Matters having thus been settled between Henry and Anselm, the king at once sent William back to the archbishop to invite him to return. He found Anselm ill, which much grieved him, for he had at that time the liberty of the church at heart, and did all in his power to promote the archbishop's restoration. In 1107 Henry, at the pope's request, sent William to the council that Paschal was about to hold at Troyes. On 11 Aug. he was consecrated to the see of Exeter by Anselm at Canterbury. In 1108, when about to sail for Normandy, Henry sent him to Anselm to desire that he would at once consecrate Richard de Belmeis (d. 1128) [q. v.] to the see of London, and William assisted in the consecration. At the court held at Whitsuntide 1109 he joined in the decision of the bishops present to uphold the demand of Anselm, then lately dead, that Thomas (d. 1114) [q. v.], archbishop-elect of York, should make profession to Canterbury. In February 1113 he was with the king in Normandy (Orderic, p. 709). He was employed as an envoy between the king and Calixtus II in 1119, and assured the king that he might safely allow Thurstan [q. v.], archbishop-elect of York, to attend the pope's council, as he knew that the pope would not consecrate him. He attended the council of Reims in October, and was much annoyed at finding that just before his arrival the pope had consecrated Thurstan (Historians of York, ii. 161, 166). In the spring of 1120 Henry sent him to Calixtus, who was then at Valence on the Canterbury and York dispute; he is said to have then been blind, though his blindness can scarcely have been total; vigorous, crafty, and well versed in the ways of the curia, he distributed bribes, but failed of the purpose of his mission (ib. pp. 177–8). He was present at the council held at Northampton on 8 Sept. 1131 [see under Matilda, 1102–1167] (Sarum Charters, p. 7, Rolls Ser.)

William died, after having assumed the habit of an Augustinian canon, at Plympton priory, Devonshire, on 27 Sept. 1137, and was buried there on 1 Oct. He had been blind for a long time before his death, and some believed that his blindness was a judgment on him, for it was said that he had declared that if his blind predecessor Osbern would not resign his see, he ought to be deprived (Gesta Pontificum, p. 111 n.); the story suggests that the see had been promised to him by the king before Osbern's death. He began the rebuilding of the cathedral of Exeter in the Norman style, the two present transeptal towers being his work (Freeman, Exeter, p. 50). From grants made him by Rufus he endowed the canons with the manor of Brampton, founded the priory of Plympton, and refounded the priory of Launceston in Cornwall, and also refounded Bodmin priory in that county—all three for Augustinian canons. Though by obeying the commands of Rufus he became a partaker in the king's persecution of Anselm, he was by no means a bad man. It may be that Anselm's influence did him good, or perhaps when he served Henry, a better master, the better side of his character came out; he became one of Anselm's friends, a faithful servant of the church, and a munificent prelate. While he had no learning (Historians of York, ii. 177), he had plenty of ability, and was an excellent ambassador, bold, crafty, ready, and eloquent. Robert of Warelwast, dean of Salisbury and bishop of Exeter 1155–60, was his nephew.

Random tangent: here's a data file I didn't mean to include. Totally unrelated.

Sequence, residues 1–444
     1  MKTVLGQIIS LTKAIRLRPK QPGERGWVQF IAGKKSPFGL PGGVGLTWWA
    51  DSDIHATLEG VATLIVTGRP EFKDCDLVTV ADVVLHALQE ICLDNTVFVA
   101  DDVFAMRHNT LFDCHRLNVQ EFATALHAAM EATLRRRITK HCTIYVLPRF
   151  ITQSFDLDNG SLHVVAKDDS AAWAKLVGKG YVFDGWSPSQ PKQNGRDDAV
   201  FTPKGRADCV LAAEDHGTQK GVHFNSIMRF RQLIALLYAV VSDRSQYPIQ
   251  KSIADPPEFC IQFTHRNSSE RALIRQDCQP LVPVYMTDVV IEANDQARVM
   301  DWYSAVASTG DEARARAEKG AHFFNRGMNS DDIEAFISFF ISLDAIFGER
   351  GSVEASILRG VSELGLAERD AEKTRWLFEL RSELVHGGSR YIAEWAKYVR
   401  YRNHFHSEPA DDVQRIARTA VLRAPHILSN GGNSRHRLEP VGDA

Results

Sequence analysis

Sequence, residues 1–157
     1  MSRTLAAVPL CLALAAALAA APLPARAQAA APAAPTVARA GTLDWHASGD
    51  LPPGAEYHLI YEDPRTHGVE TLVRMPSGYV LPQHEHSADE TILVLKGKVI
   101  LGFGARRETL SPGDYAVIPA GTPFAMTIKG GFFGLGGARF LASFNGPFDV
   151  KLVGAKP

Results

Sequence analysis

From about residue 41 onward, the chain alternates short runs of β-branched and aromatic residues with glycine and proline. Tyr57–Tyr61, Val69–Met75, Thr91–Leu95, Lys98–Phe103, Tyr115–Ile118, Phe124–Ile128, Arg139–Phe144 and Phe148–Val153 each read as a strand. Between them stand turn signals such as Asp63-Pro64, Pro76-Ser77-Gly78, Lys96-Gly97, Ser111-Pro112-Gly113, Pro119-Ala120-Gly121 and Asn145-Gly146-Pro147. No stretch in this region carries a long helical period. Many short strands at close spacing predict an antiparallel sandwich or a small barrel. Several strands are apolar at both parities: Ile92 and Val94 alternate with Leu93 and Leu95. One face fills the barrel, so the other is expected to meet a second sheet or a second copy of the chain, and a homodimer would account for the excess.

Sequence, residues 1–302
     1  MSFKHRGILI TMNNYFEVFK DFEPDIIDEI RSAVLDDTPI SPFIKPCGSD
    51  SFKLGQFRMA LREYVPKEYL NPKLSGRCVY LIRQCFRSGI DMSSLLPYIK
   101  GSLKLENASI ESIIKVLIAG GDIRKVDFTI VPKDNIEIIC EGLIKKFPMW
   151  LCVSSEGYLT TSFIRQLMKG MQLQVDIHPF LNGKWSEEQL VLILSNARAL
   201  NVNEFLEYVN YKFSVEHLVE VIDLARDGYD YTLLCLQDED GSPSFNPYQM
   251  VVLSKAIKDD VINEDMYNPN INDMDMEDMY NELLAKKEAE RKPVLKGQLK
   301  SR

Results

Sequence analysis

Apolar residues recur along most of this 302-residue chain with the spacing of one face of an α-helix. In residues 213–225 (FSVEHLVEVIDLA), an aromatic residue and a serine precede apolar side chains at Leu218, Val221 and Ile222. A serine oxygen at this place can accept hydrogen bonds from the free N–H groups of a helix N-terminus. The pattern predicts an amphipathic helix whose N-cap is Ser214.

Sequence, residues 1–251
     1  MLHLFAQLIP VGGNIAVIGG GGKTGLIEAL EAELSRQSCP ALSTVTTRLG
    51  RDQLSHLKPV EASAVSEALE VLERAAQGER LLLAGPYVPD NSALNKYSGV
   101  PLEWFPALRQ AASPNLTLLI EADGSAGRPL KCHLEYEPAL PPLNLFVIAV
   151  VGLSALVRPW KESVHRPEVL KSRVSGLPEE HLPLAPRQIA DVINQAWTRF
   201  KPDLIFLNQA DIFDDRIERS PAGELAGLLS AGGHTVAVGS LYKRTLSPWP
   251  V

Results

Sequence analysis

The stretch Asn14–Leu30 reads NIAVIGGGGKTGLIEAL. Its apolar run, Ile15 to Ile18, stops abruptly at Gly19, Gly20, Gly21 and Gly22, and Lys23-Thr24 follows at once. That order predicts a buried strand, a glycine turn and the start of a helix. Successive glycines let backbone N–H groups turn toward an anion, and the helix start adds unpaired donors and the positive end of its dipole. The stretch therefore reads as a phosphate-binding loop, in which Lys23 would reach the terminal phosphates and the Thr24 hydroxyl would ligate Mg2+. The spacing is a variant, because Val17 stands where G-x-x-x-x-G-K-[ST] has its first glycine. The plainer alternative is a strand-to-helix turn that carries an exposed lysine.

[Eadmer's Hist. Nov. and Vita S. Anselmi; Hugh the Chantor ap. Hist. of York, Will. of Malmesbury's Gesta Pontiff. (all Rolls Ser.); Freeman's Will. Rufus; Rigg's St. Anselm; Rule's St. Anselm; Oliver's Lives of the Bishops of Exeter and Monasticon Dio. Exon.]

W. H.

Dictionary of National Biography, Errata (1904), p.275
N.B.— f.e. stands for from end and l.l. for last line

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361 ii 6 Warelwast, William de: for 1197 read 1097